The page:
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From Paco Zarate <conta...@nazcasistemas.com>
Subject Re: Getting console input with a timeout
Date Thu, 28 May 2015 04:54:04 GMT
Hello Merlin!

You should be able to compile the java classes that are shown in the
example (http://www.javaspecialists.eu/archive/Issue153.html f) and then
use the generated jars in the groovy scripts (including the jars in the
classpath).

Also you can use this code directly in groovy, i tried it with groovy 2.3.9
JVM 1.8.40.

This app is waits for the user to provide an input (characters + enter) for
10 seconds, it the timeout is reached, it cancels the input:

File: readingConsoleWithTimeout.groovy
//-- Code starts here --//
import java.io.*;
import java.util.concurrent.*;

public class ConsoleInputReadTask implements Callable<String> {
  public String call() throws IOException {
    BufferedReader br = new BufferedReader(
        new InputStreamReader(System.in));
    System.out.println("ConsoleInputReadTask run() called.");
    String input;
    // replacing do .. while
    while (true) {
      System.out.println("Please type something: ");
      try {
        // wait until we have data to complete a readLine()
        while (!br.ready()) {
          Thread.sleep(200);
        }
        input = br.readLine();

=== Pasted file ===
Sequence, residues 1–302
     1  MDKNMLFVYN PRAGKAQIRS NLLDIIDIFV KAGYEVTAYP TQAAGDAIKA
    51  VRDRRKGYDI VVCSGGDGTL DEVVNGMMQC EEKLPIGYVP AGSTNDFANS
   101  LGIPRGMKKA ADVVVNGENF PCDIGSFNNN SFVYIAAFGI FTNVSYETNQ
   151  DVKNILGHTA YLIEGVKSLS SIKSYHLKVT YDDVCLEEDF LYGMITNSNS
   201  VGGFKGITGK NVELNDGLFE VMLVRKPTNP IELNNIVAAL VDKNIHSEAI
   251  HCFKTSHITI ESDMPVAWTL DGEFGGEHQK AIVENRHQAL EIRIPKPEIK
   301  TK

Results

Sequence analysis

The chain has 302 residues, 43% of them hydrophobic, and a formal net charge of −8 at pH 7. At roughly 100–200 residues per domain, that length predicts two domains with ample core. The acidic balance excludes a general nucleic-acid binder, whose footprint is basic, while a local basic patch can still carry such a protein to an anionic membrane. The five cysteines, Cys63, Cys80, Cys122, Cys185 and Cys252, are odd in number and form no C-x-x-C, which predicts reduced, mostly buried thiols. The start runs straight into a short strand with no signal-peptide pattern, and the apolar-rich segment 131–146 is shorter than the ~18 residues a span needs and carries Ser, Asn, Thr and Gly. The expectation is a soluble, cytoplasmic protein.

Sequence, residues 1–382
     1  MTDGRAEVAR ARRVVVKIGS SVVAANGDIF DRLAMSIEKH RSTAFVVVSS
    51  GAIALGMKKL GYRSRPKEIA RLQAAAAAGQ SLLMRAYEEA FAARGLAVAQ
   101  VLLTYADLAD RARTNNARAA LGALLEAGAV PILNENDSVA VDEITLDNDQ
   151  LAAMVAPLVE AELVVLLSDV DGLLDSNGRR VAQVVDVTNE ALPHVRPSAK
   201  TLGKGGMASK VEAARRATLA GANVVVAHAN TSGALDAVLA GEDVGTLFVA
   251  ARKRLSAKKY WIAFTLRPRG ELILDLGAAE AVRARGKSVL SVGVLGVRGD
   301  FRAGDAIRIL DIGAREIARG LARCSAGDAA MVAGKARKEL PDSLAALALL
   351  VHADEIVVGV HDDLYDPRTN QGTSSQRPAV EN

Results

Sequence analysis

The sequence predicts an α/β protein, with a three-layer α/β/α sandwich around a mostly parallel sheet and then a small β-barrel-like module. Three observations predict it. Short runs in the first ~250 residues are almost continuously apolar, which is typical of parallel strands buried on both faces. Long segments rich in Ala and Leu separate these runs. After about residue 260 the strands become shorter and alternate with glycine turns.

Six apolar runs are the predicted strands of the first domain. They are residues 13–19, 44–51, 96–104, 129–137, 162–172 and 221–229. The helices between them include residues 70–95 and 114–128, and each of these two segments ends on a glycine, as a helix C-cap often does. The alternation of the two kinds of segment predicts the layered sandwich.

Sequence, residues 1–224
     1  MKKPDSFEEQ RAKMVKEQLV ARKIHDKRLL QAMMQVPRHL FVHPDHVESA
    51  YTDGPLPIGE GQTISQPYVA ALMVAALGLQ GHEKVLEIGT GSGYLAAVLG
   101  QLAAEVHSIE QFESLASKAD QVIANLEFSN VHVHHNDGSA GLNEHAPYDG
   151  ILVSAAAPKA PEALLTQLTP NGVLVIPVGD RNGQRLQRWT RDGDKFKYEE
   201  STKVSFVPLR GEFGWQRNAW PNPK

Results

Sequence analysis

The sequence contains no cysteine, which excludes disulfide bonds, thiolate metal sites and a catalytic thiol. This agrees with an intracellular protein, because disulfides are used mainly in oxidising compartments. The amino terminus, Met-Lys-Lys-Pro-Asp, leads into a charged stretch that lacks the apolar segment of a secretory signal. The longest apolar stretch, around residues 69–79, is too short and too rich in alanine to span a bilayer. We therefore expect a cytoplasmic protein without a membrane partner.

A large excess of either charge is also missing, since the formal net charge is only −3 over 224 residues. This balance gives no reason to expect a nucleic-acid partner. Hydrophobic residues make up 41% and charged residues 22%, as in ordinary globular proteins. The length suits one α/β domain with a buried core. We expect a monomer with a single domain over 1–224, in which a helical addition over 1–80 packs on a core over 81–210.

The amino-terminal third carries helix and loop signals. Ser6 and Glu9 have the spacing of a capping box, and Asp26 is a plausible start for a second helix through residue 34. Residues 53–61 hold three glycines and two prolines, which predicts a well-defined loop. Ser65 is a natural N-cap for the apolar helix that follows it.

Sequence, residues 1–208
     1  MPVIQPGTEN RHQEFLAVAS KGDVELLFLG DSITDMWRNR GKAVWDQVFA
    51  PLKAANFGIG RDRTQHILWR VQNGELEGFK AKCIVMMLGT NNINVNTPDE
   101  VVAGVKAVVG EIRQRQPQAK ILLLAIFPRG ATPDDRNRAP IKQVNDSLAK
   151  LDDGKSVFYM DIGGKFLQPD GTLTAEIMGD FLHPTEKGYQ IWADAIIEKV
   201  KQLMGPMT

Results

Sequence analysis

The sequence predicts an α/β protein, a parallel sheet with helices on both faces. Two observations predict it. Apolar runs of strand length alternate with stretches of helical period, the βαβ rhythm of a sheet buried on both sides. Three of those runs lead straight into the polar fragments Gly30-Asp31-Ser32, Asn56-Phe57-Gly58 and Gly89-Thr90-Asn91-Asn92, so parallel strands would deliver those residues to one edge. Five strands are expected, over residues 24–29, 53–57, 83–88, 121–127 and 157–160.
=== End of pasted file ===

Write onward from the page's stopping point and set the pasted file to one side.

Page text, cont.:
} catch (InterruptedException e) {
        System.out.println("ConsoleInputReadTask() cancelled");
        return null;
      }
      if (!("".equals(input))) break;
    }
    System.out.println("Thank You for providing input!");
    return input;
  }
}

public class ConsoleInput {
  private final int tries;
  private final int timeout;
  private final TimeUnit unit;

  public ConsoleInput(int tries, int timeout, TimeUnit unit) {
    this.tries = tries;
    this.timeout = timeout;
    this.unit = unit;
  }

  public String readLine() throws InterruptedException {
    ExecutorService ex = Executors.newSingleThreadExecutor();
    String input = null;
    try {
      // start working
      for (int i = 0; i < tries; i++) {
        System.out.println(String.valueOf(i + 1) + ". loop");
        Future<String> result = ex.submit(
            new ConsoleInputReadTask());
        try {
          input = result.get(timeout, unit);
          break;
        } catch (ExecutionException e) {
          e.getCause().printStackTrace();
        } catch (TimeoutException e) {
          System.out.println("Cancelling reading task");
          result.cancel(true);
          System.out.println("\nThread cancelled. input is null");
        }
      }
    } finally {
      ex.shutdownNow();
    }
    return input;
  }
}

ConsoleInput con = new ConsoleInput(
        1,
        10,
        TimeUnit.SECONDS
    );

    String input = con.readLine();
    System.out.println("Done. Your input was: " + input);
//-- Code ends here --//


On Mon, Apr 27, 2015 at 3:57 AM, Merlin Beedell <MBeedell@cryoserver.com>
wrote:

>  I am trying to get Console Input when running simple scripts that stop
> with questions for user input – but that a default response would be used